My wife’s family is, in a way, the opposite of a chosen family. If you’re family to them, you’re family, no matter who you are, whether you fit in or not, whether you are doing a great job or screwing up your life, it doesn’t matter, you’re family. I’d say things to my wife like, “How come everybody complains about so and so but still invites him over to BBQ?” And my wife would look at me like I’m some special kind of stupid and say, “Uh…because he’s family.” If you’re family to them, you can’t screw it up! It’s like a free ticket to just do whatever you want, no matter how stupid, doesn’t matter, they’ve got a hamburger waiting for you. It’s super weird. And also, I kind of love it. You don’t need to keep one eye on the exit doors with them because there are none. Nobody’s going anywhere. They all belong. No matter what.
And when my mother died suddenly a year after my wife and I got married, my wife’s family supported me just as much as my father and my chosen family did. Which was lucky for me because, I don’t know how I would have lived through that time if I hadn’t been so surrounded by my family of all kinds. That kind of family love was new to me.
Two years ago, much of what I thought I knew about family got turned upside down when I found my birth sister. I had obtained her birth records years before so I knew her name. Over the years, I would periodically get curious and Google her, looking for clues of who or where she might be. I can tell you where every person with her name in North America lives and what they do for a living. You know, should you ever need that information. Then came Facebook. Before we all got concerned with privacy settings and locking our profiles down so no one could look at our drunken party photos without our permission, you could find out everything you ever wanted to know about a complete stranger through Facebook. And if you thought that stranger might be your sister, well then it was like a license to watch her every move online. Which I did. But I still wasn’t sure if I was ready to contact her or not.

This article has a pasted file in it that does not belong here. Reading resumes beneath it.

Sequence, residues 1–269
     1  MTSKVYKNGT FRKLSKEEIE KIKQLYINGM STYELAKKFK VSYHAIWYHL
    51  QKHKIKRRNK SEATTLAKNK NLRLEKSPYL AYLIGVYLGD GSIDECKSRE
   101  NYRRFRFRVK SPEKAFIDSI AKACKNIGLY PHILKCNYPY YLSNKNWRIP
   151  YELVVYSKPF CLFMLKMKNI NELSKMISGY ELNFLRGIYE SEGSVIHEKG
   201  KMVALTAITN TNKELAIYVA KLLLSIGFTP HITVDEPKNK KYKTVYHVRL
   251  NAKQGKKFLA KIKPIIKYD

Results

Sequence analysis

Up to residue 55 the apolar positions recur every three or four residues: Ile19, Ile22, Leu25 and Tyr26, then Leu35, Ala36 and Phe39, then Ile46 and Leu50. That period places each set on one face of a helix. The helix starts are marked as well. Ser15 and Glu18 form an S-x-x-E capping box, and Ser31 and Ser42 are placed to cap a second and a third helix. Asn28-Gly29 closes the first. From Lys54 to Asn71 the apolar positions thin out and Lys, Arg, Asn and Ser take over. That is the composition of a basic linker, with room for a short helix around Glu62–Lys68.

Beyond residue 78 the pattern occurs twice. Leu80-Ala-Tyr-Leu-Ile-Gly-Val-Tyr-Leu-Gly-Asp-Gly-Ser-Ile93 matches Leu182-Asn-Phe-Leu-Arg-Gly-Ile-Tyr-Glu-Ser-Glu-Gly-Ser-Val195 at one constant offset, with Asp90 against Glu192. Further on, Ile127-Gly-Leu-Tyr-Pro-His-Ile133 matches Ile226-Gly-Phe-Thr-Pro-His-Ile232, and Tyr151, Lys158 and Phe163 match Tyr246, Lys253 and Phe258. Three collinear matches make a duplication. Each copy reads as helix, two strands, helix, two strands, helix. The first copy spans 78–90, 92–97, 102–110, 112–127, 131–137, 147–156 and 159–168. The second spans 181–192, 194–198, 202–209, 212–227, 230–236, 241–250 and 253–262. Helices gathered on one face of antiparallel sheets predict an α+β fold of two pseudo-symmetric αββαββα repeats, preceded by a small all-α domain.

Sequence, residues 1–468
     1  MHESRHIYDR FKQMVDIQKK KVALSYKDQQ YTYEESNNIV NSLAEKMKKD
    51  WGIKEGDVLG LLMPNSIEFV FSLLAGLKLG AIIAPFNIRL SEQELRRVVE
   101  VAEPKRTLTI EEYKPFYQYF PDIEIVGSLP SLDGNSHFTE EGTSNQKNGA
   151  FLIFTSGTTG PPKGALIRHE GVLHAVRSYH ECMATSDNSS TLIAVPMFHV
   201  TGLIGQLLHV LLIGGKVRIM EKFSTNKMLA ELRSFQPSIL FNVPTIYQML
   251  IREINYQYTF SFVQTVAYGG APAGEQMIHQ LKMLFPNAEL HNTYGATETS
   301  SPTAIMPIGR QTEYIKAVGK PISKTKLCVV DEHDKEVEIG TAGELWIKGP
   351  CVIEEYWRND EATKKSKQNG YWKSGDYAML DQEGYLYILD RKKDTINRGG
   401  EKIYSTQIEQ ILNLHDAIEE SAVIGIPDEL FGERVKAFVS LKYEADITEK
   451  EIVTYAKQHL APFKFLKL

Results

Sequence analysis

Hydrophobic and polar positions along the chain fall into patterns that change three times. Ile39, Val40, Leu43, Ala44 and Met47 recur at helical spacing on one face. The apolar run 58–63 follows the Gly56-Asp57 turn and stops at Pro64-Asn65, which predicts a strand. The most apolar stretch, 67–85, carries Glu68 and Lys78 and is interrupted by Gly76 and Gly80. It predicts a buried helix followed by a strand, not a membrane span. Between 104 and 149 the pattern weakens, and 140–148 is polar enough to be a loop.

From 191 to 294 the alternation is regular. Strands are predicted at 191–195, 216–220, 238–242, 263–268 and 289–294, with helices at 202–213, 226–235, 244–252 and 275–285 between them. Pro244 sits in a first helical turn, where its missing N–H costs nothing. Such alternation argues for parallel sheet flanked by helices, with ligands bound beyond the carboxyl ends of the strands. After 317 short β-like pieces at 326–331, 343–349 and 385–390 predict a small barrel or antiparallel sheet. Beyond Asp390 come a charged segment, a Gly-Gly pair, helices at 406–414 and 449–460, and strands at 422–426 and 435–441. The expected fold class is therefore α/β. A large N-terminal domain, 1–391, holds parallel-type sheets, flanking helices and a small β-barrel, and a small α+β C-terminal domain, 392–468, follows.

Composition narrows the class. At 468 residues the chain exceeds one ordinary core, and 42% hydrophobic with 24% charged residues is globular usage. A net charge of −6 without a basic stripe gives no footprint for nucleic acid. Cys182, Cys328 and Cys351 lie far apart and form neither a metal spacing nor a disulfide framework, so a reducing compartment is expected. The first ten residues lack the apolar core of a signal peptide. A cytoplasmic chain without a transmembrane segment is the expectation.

One day I was missing my mom so much I took the day off work to lie in bed and cry like is sometimes necessary when someone you had a complicated relationship with is gone forever. When my wife came home, I told her the time had come to contact the woman I thought was my sister. I didn’t know why, it was just time. I spent the next day crafting a letter to this woman, giving her an out if she wanted one, making clear she was wanted if she wanted to be. And at 11 pm on a Saturday night, I hit send, not knowing if I’d ever get a response or not.
Twenty minutes later I received a message back. “I would very much like to correspond with you as well,” she wrote. “You will have to forgive me, I am a bit in shock.” I knew just how she felt. We talked online, and after a few days, we met in person. Growing up an only child I can’t explain the mind boggling experience of seeing my face reflected in someone else’s. It’s the jaw. It’s the mouth. It’s the horse-tail thick hair. It’s the Barney Rubble feet. She has our dad’s eyes. We have our mom’s shape. Except I’m taller. Like, way taller. At least 1/4 of an inch taller.